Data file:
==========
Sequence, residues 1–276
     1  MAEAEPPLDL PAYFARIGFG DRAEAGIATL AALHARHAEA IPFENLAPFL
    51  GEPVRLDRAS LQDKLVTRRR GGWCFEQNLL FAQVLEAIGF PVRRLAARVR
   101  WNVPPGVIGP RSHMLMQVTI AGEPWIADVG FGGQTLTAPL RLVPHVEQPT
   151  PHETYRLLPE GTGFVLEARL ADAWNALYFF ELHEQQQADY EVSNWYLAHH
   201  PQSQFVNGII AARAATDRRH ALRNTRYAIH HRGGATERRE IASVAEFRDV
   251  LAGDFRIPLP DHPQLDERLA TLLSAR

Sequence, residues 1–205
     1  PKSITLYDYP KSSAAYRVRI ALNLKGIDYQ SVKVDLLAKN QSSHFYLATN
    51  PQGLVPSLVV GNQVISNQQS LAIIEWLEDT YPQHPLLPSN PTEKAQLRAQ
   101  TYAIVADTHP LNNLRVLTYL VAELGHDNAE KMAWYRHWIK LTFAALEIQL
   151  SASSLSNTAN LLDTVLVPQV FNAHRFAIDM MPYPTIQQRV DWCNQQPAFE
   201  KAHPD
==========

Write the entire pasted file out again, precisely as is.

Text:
Sequence, residues 1–276
     1  MAEAEPPLDL PAYFARIGFG DRAEAGIATL AALHARHAEA IPFENLAPFL
    51  GEPVRLDRAS LQDKLVTRRR GGWCFEQNLL FAQVLEAIGF PVRRLAARVR
   101  WNVPPGVIGP RSHMLMQVTI AGEPWIADVG FGGQTLTAPL RLVPHVEQPT
   151  PHETYRLLPE GTGFVLEARL ADAWNALYFF ELHEQQQADY EVSNWYLAHH
   201  PQSQFVNGII AARAATDRRH ALRNTRYAIH HRGGATERRE IASVAEFRDV
   251  LAGDFRIPLP DHPQLDERLA TLLSAR

Sequence, residues 1–205
     1  PKSITLYDYP KSSAAYRVRI ALNLKGIDYQ SVKVDLLAKN QSSHFYLATN
    51  PQGLVPSLVV GNQVISNQQS LAIIEWLEDT YPQHPLLPSN PTEKAQLRAQ
   101  TYAIVADTHP LNNLRVLTYL VAELGHDNAE KMAWYRHWIK LTFAALEIQL
   151  SASSLSNTAN LLDTVLVPQV FNAHRFAIDM MPYPTIQQRV DWCNQQPAFE
   201  KAHPD